Uterus transplantation: robotic surgeon perspective

Based on the robotic nerve-sparing radical hysterec- tomy technique, we demonstrate the advantages of robotic deep-pelvic dissection and modifications to the current approach applied to uterus harvesting from a live donor.
Uterus transplantation: robotic surgeon perspective

Volume 109, Issue 2, Page 365


Hubert Fornalik, M.D., Nicole Fornalik, P.A.-C.



To study the safety and feasibility of robotic dissection of deep pelvic vessels as applied to the robotic harvesting of a uterus from live transplant donor.


Surgical video.


Gynecologic oncology practice of a tertiary community cancer center.


Two patients undergoing robotic nerve-sparing radical hysterectomy for International Federation of Gynecology and Obstetrics (FIGO) stage Ib1 cervical cancer.


Application of robotic platform to precise dissection of internal iliac artery and vein, their branches, including the superficial and deep uterine artery and vein. The robotic technique for deep pelvic dissection in gynecologic oncology demonstrated here provides superior outcomes compared with the open technique. In our settings, a typical robotic nerve-sparing radical hysterectomy takes 3 hours from completion of the pelvic lymphadenectomy to the moment when the patient leaves the operating room.

Main Outcome Measure(s)

Safety and adequacy of robotic dissection of deep pelvic vessels. The procedure's modification to the current technique demonstrated improved transplant blood supply and outflow. Demonstration of modification to current technique, that has potential to improve transplant blood supply and outflow.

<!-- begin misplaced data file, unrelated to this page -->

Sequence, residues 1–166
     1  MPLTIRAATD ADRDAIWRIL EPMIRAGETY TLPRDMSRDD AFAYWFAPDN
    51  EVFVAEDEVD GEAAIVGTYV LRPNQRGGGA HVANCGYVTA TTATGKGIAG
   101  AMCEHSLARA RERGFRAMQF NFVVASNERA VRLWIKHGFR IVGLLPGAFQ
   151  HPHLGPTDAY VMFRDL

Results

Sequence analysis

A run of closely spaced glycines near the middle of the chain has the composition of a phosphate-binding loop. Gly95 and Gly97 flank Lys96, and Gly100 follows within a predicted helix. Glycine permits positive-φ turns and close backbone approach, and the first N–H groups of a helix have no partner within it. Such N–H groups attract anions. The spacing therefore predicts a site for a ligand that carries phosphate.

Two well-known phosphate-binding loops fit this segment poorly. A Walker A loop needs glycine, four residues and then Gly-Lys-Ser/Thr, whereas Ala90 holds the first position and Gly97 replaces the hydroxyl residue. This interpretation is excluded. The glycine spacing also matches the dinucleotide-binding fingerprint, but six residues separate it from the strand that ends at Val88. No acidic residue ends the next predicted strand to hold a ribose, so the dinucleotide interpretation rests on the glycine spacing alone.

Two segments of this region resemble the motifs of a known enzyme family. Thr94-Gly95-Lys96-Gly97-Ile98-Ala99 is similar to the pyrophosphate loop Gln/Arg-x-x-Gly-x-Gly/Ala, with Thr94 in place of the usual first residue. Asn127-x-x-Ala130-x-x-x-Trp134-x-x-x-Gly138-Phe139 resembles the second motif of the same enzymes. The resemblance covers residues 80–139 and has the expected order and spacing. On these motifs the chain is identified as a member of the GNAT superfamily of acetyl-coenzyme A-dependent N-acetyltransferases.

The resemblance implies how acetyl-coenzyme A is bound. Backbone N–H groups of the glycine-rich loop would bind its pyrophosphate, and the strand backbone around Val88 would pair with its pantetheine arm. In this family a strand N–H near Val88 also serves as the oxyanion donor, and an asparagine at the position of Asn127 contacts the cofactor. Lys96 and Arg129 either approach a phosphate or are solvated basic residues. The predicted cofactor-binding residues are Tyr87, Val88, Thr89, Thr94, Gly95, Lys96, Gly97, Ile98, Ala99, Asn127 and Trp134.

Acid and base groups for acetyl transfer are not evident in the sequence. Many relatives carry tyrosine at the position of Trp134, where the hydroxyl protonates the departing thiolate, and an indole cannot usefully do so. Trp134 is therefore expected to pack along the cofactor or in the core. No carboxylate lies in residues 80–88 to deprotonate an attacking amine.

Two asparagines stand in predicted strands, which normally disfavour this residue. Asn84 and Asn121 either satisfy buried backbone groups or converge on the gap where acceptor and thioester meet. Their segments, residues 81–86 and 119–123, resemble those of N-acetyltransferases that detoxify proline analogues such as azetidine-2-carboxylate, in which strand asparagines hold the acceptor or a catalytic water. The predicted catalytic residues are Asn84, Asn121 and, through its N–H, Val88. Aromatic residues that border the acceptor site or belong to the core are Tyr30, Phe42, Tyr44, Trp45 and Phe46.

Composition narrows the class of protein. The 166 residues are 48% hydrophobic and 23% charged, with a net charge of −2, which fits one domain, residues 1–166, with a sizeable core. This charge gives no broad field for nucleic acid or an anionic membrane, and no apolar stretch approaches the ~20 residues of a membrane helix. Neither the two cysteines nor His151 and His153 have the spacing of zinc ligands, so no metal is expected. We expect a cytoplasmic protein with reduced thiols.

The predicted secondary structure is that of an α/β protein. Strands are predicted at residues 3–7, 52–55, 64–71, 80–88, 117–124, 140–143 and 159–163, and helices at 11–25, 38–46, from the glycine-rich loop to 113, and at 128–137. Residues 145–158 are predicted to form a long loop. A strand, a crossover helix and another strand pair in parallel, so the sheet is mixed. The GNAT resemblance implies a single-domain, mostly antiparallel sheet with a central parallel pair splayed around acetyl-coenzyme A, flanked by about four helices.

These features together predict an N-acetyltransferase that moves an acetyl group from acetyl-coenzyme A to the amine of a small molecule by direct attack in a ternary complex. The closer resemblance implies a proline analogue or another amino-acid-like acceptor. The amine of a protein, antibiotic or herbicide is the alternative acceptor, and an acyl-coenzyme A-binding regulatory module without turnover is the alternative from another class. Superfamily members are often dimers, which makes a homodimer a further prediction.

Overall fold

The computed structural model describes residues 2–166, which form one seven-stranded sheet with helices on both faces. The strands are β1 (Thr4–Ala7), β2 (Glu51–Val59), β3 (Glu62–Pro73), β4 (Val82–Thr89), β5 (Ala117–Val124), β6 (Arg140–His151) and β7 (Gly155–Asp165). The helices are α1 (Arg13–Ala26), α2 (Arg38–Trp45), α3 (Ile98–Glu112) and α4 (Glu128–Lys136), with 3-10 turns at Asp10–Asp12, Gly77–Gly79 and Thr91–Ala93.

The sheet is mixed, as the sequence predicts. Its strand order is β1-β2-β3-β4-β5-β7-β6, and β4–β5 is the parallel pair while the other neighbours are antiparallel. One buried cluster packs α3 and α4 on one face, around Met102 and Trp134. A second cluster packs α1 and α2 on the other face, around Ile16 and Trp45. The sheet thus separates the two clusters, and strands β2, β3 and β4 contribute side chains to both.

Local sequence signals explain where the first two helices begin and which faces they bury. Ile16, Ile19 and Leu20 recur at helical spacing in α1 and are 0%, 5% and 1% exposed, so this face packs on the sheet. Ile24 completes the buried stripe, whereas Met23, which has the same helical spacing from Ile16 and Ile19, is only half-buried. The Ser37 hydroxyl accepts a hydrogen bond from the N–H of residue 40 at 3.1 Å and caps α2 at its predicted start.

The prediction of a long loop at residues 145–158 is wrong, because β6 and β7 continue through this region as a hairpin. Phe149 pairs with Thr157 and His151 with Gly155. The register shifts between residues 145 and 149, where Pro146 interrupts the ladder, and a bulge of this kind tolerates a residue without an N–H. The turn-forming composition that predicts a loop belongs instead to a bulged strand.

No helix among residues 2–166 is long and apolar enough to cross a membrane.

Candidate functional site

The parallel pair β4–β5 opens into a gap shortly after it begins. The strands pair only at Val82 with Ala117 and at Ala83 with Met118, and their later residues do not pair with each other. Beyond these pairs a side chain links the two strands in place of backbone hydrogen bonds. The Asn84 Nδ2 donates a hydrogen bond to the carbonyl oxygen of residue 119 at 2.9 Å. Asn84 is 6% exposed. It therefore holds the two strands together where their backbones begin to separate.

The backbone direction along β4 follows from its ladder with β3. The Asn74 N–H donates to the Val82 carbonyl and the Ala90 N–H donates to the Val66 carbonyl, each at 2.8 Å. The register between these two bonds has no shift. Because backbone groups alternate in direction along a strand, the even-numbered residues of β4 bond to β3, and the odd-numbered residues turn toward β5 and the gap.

Using the robotic technique for nerve-sparing radical hysterectomy, the pelvic vessels can be dissected with superior precision, hemostasis, efficiency, and clinical outcomes. Due to its difficulty, nerve-sparing radical hysterectomy is not even performed via a laparotomy approach in the United States. Robotic dissection allows for better exposure of the pelvic vessels, which may allow for harvesting intact uterine vessels with internal iliac artery and vein patches, thus facilitating wider vascular anastomosis and superior blood supply and outflow of the transplant.


Uterine harvesting from a live donor is currently being performed via a laparotomy technique, resulting in long procedures associated with significant morbidity. Based on our gynecologic oncology experience, a robotic approach to deep pelvic dissection is superior to laparotomy. Robotic nerve-sparing radical hysterectomy is a difficult procedure that requires knowledge of deep pelvic vessels' anatomy, precise dissection techniques, and repetition. Robotic harvesting of the uterus for transplantation from a live donor may provide better results in terms of transplant survival and donor outcomes. This type of procedure should be attempted by a robotic team that has experience in working with deep and large pelvic vessels.

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